Alexander Novak, Russia’s Energy Minister, pauses during a panel session on the second day of the St. Petersburg International Economic Forum (SPIEF) in St. Petersburg, Russia, on Thursday, June 3, 2021.
Andrey Rudakov | Bloomberg | Getty Images
Russian Deputy Prime Minister Alexander Novak said Thursday the oil and gas-rich country could be tempted to break away from dollar-denominated crude oil deals soon if President Joe Biden’s administration continues to impose targeted economic sanctions.
“Well, ideally, we would prefer not to deviate from the dollar as it is an international currency used for billing,” Novak told CNBC’s Hadley Gamble at St. Petersburg International Economic Forum, according to a translation.
“But if our American partners create such a situation, we will have no choice but to do so gradually,” he added.
His comments come shortly after Russia announced that it would completely remove US dollar assets from its National Wealth Fund.
Russian Finance Minister Anton Siluanov said at the same event on Thursday that the changes can be expected within a month, according to Reuters. Russia’s NWF collects oil revenues and was originally geared towards supporting the country’s pension system.
The move comes ahead of a summit meeting between Russian President Vladimir Putin and US President Joe Biden later this month.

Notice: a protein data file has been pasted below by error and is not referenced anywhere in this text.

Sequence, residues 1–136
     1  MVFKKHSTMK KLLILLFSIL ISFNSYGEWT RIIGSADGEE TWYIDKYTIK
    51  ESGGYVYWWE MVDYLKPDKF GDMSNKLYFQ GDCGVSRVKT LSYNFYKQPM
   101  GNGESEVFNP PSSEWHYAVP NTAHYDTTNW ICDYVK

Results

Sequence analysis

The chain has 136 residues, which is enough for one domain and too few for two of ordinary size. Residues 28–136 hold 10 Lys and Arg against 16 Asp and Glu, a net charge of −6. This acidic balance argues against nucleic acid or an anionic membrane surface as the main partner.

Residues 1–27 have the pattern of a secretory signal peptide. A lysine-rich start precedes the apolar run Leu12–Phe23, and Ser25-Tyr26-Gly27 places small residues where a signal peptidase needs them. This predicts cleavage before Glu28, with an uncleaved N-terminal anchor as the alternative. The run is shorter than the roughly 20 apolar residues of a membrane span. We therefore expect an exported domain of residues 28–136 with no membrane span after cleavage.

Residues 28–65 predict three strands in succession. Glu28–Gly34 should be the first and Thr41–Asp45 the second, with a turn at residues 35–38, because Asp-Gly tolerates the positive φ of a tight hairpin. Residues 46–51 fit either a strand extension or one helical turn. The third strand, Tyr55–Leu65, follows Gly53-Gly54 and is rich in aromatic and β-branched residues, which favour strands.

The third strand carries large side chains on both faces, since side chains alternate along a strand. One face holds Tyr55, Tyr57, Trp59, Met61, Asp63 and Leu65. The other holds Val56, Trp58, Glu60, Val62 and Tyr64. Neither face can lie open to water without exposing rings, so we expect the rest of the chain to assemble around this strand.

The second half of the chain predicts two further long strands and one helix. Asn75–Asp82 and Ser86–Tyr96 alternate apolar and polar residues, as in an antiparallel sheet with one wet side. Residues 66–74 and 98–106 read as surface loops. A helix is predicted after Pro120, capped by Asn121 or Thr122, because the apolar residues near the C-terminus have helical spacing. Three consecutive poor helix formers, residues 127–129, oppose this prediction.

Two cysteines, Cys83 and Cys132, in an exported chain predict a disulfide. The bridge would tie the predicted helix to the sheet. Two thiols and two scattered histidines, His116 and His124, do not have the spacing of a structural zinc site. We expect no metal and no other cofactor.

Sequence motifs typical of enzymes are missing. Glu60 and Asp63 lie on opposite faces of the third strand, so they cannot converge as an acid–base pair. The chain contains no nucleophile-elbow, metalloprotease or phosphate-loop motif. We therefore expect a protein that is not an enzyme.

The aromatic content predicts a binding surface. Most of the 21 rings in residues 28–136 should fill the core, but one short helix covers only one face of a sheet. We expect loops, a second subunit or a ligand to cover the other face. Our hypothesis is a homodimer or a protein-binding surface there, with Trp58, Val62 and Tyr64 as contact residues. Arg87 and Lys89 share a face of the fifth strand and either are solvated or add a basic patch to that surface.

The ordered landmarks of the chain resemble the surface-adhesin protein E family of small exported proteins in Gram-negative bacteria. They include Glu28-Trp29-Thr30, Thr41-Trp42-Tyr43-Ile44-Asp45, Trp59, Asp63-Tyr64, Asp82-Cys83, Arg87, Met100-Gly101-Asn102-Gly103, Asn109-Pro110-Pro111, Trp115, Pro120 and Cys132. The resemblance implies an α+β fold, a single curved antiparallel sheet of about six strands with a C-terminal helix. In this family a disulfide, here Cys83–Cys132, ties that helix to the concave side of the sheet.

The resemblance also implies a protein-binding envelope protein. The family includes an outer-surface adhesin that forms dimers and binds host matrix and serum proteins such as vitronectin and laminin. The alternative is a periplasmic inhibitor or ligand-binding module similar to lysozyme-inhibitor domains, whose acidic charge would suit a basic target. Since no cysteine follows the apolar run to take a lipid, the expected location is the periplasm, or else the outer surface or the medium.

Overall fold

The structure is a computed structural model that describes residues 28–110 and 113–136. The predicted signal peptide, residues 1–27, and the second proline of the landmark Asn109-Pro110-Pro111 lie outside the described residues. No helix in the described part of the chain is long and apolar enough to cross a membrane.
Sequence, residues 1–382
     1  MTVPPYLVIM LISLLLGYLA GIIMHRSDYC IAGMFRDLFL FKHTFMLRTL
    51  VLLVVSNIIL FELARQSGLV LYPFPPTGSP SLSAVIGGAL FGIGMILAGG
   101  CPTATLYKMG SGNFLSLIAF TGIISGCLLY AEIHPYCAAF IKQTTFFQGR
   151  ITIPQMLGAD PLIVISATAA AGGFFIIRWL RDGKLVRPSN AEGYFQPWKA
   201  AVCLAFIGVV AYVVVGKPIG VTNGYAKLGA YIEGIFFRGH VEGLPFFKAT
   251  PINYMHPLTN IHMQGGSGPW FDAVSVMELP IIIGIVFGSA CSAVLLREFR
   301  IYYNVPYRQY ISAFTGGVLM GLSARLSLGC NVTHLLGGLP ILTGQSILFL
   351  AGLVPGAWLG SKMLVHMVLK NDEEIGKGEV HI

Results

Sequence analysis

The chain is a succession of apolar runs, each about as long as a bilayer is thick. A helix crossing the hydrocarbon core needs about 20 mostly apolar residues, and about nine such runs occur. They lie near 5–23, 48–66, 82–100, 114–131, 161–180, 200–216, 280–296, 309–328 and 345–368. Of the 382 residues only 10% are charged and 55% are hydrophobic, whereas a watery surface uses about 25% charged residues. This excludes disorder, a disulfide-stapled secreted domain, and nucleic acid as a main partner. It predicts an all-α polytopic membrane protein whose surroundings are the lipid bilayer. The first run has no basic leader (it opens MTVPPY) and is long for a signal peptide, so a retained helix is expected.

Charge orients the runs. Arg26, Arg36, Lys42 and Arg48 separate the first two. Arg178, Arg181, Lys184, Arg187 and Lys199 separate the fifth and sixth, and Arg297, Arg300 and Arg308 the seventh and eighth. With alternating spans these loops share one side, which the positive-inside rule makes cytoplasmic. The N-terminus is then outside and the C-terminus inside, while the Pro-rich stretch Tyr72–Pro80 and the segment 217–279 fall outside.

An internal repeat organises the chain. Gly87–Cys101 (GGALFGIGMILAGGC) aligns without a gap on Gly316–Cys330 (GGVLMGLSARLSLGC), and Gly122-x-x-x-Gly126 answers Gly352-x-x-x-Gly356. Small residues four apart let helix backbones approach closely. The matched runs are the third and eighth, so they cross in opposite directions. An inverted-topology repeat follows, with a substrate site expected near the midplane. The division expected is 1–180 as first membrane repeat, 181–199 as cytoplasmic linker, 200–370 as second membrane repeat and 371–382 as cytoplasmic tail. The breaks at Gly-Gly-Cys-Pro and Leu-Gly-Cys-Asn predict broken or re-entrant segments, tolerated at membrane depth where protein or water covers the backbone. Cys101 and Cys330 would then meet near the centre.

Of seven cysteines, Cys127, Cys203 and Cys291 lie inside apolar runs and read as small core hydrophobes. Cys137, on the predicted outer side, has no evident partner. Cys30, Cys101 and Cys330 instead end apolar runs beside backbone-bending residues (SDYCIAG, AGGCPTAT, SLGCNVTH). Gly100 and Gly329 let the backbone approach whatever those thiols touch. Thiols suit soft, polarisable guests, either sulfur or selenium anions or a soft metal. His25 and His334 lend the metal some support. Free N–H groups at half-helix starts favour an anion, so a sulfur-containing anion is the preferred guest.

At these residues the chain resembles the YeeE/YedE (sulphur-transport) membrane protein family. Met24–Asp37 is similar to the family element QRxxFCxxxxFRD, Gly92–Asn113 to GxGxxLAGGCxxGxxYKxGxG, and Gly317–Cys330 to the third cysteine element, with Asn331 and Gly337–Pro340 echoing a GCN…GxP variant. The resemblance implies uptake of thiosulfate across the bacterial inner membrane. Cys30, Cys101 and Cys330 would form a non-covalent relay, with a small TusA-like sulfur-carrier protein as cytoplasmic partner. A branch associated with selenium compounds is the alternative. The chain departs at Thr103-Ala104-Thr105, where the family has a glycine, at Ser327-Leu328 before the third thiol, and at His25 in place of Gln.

“Active player in the global energy scene”
“We will continue to be the world leader in the fossil fuel market and will diversify by entering the LNG and petrochemicals markets,” said Novak, referring to the acronym for liquefied natural gas.
“Plus new energy generation, develop clean energy,” he continued, naming hydrogen, carbon storage technologies and the development of new fuels, among other things.
Russia’s economy has been under international sanctions since 2014 after the annexation of Crimea.
Its role in a pro-Russian uprising in eastern Ukraine, the 2016 US election interference, neurotoxin poisoning in the UK and its role in the SolarWinds cyberattack have all resulted in further sanctions. Russia, for its part, denies any involvement or wrongdoing.
International benchmark Brent Crude Oil futures traded at $ 71.56 a barrel on Thursday afternoon in London, up about 0.3%, while U.S. West Texas Intermediate Futures at $ 68.99 rose about 0.2% % higher.
The oil price has risen by more than 30% since the beginning of the year.
In October 2019, Russia’s largest oil company Rosneft set the euro as the default currency for all new crude oil exports to protect it from the effects of US sanctions.
– CNBCs Holly Elliatt contributed to this report.